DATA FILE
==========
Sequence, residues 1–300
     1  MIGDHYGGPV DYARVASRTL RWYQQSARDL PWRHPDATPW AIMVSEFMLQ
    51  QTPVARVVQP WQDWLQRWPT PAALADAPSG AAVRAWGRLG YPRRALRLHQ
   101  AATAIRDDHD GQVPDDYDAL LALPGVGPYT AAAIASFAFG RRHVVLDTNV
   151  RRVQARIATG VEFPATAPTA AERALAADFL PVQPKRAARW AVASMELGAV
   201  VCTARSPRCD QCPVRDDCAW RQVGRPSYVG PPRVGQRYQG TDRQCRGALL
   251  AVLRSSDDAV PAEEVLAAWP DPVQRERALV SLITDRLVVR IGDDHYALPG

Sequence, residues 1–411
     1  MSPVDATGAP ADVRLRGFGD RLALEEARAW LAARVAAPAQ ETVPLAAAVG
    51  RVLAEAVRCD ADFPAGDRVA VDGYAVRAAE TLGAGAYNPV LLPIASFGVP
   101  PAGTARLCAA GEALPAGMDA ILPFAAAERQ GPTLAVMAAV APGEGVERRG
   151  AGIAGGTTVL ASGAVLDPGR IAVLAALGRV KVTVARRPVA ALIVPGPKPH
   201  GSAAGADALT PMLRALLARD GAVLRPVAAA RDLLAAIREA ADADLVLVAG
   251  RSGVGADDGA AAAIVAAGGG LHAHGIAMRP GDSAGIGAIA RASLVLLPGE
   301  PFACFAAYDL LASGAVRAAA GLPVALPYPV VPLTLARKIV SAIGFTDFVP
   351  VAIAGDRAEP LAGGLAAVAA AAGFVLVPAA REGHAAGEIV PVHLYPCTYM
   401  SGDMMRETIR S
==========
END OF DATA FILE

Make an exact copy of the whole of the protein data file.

Sequence, residues 1–300
     1  MIGDHYGGPV DYARVASRTL RWYQQSARDL PWRHPDATPW AIMVSEFMLQ
    51  QTPVARVVQP WQDWLQRWPT PAALADAPSG AAVRAWGRLG YPRRALRLHQ
   101  AATAIRDDHD GQVPDDYDAL LALPGVGPYT AAAIASFAFG RRHVVLDTNV
   151  RRVQARIATG VEFPATAPTA AERALAADFL PVQPKRAARW AVASMELGAV
   201  VCTARSPRCD QCPVRDDCAW RQVGRPSYVG PPRVGQRYQG TDRQCRGALL
   251  AVLRSSDDAV PAEEVLAAWP DPVQRERALV SLITDRLVVR IGDDHYALPG

Sequence, residues 1–411
     1  MSPVDATGAP ADVRLRGFGD RLALEEARAW LAARVAAPAQ ETVPLAAAVG
    51  RVLAEAVRCD ADFPAGDRVA VDGYAVRAAE TLGAGAYNPV LLPIASFGVP
   101  PAGTARLCAA GEALPAGMDA ILPFAAAERQ GPTLAVMAAV APGEGVERRG
   151  AGIAGGTTVL ASGAVLDPGR IAVLAALGRV KVTVARRPVA ALIVPGPKPH
   201  GSAAGADALT PMLRALLARD GAVLRPVAAA RDLLAAIREA ADADLVLVAG
   251  RSGVGADDGA AAAIVAAGGG LHAHGIAMRP GDSAGIGAIA RASLVLLPGE
   301  PFACFAAYDL LASGAVRAAA GLPVALPYPV VPLTLARKIV SAIGFTDFVP
   351  VAIAGDRAEP LAGGLAAVAA AAGFVLVPAA REGHAAGEIV PVHLYPCTYM
   401  SGDMMRETIR S